Sacroiliac pain and pregnancy
A common cause of SI joint dysfunction and pain is the stress applied to the low back and pelvis during pregnancy. The hormones relaxin and oxytocin are released all throughout the pregnancy into the woman’s body to allow for widening of the pelvis to give more room to the growing baby and prepare for ligament relaxation that occurs during childbirth. Relaxation of the many ligaments around the SI joints can result in excessive motion in the SI joints, allowing for abnormal pelvic mechanics, increased SI joint stress, abnormal wear and pain. The changes in the SI joint ligaments are the reason for the altered waddle gait so common in pregnancy.
Sacroiliac joint arthritis
Just like any other weight-bearing joints of the body, the SI joints have a layer of cartilage that covers the bone surface of the joint. This cartilage serves to provide improved movement and a shock absorber between bones of the joint . If this joint cartilage becomes damaged or is worn down by excessive use, the bones begin to rub against each other, allowing degenerative arthritis (osteoarthritis) to develop. Arthritis of the SI joint is said to be the most common reason for pain and joint dysfunction.
Symptoms and signs of SI joint dysfunction
Common signs and symptoms/signs of an SI joint problem:
- Deep dull pain lower back pain on one side, occasionally on both sides.
- Pain is often a mild to moderate ache around the dimple near the sacrum.
- Pain aggravated while doing those activities that stress the SI joints (getting up from a chair, bending the knees while climbing stairs).
- When SI joint dysfunction is severe it can cause referred or reflex pain into the hip, groin or lower leg on the same side as the involved SI joint. Even when severe the pain rarely radiate below the knee.
- SI joint pain often increases with prolonged sitting or prolonged walking.
Treatments for sacroiliac joint dysfunction (SI joint pain) are usually effective and are conservative in nature, designed to ultimately restore normal motion in the joint and provide low back pain relief.
Typical treatments for sacroiliac joint pain:
- Ice and rest – with heat only later in the recovery cycle
Initially use ice or cold packs, applied in 20 minute intervals to reduce inflammation in the SI area, along with rest to reduce irritation. The need for ice and rest is based on the presence of intense and sharp pain that is aggravated by prolonged sitting or standing. This can continue for several days to several weeks, depending on ability to reduce pain and increase activity. After the pain subsides, meaning the inflammation is reduced, the use of moist heat to the same area can begin to assist the healing process. At this time it is advised that a slow and gradual return to normal activities that do not provoke a return of pain.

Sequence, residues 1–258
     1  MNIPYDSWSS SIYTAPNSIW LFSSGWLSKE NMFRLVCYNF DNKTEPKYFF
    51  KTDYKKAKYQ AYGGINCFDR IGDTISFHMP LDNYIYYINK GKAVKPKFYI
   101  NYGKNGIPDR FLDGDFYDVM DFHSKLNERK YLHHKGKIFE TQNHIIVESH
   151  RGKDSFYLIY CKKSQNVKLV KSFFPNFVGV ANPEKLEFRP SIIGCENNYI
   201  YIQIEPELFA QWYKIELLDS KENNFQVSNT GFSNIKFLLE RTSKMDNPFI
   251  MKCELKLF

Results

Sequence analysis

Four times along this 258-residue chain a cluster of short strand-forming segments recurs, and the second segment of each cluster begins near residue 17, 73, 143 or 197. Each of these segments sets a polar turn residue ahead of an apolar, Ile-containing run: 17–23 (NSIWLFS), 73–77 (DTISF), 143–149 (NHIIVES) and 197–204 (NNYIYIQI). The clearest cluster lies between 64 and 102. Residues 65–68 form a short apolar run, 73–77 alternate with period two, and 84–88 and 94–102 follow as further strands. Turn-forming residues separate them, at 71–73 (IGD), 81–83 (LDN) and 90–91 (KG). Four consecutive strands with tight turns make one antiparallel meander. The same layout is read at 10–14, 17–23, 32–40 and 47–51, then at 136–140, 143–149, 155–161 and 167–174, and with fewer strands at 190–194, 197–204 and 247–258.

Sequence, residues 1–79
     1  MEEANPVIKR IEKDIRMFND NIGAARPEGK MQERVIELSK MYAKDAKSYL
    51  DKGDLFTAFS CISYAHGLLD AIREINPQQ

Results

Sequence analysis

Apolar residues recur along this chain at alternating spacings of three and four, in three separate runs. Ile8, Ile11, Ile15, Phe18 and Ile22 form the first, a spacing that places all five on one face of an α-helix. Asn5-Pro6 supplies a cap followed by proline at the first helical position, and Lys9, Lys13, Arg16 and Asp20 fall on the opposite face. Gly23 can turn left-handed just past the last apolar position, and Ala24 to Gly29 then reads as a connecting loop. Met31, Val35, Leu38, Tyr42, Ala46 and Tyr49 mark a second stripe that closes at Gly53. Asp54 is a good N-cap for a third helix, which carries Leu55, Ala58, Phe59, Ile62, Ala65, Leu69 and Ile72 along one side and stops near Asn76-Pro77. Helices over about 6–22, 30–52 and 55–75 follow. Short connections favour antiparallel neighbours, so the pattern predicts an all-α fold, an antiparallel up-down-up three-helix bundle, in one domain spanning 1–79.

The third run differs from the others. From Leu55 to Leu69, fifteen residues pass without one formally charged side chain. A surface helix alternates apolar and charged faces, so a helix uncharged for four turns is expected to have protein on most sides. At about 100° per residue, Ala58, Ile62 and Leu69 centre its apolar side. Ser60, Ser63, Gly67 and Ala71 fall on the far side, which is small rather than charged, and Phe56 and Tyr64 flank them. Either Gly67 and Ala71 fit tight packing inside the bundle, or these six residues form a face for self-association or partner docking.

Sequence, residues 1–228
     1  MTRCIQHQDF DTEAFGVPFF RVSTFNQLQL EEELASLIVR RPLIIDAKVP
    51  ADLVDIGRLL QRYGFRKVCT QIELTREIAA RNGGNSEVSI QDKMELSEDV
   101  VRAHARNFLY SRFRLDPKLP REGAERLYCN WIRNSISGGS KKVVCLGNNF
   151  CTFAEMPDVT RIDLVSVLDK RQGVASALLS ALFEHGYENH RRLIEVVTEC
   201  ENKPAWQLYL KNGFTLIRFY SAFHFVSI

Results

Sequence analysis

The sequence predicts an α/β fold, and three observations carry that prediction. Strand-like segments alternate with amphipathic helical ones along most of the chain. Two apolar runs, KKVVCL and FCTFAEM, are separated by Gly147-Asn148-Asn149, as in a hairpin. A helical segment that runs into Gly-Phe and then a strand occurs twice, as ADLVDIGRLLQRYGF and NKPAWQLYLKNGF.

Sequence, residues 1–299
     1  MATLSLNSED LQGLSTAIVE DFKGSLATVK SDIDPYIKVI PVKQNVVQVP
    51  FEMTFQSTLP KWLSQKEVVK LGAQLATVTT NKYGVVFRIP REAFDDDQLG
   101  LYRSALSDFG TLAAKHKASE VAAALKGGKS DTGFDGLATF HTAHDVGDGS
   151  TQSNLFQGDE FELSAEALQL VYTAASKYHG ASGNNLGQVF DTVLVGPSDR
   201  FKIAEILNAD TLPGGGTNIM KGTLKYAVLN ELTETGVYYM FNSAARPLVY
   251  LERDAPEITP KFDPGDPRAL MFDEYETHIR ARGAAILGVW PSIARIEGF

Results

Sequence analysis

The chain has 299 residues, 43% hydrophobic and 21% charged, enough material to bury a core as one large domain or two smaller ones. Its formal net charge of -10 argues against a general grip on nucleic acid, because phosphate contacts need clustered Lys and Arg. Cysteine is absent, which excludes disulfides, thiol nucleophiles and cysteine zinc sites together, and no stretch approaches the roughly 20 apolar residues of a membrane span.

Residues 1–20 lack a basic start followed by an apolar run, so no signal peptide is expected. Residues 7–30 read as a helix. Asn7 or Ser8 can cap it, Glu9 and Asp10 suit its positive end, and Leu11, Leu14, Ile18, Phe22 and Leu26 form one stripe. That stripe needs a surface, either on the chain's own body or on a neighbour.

- SI brace or support
When the SI joint movement is excessive (“hypermobile” or too loose), an orthopedic support can be used to snugly hold the SI joints together. The SI brace looks like a rather wide 3-4” belt that is worn below the hips and waist, to stabilize the area and allow rest for the excessively mobile SI joints. Pain reduction and comfort are often immediate when the SI brace is worn. As the symptoms improve the belt is worn less often and more loosely than during the acute stage, perhaps only during extreme or prolonged activity.
A small amount of pain medication (acetaminophen), or anti-inflammatory medication (ibuprofen) to reduce the swelling that is contributing to the pain can be used. Once acute pain is reduced this probably should be discontinued to allow the individual to know exactly how much inflammation is present and what types of actions and postures are aggravating the SI joint problem. Too much medication allows the individual to often aggravate the condition because of the absent pain warning signal.
Because a high percentage of SI joint arthritis is the wear and tear type (osteoarthritis) treatment with acupuncture or acupressure can be extremely effective.
- Chiropractic manipulation
Manual manipulation provided by a chiropractor or osteopath is indicated to restore normal SI joint movement when the joint is fixated or “stuck” outside its normal position.
Controlled, gradual stretching and exercise of muscles is often indicated to tone the ligaments and muscles around the affected sacroiliac joint, as well as to increase range of motion. This activity will increase the flow of blood into the area, and increase the flow of lymphatic fluid out of the area, both promoting a healing response.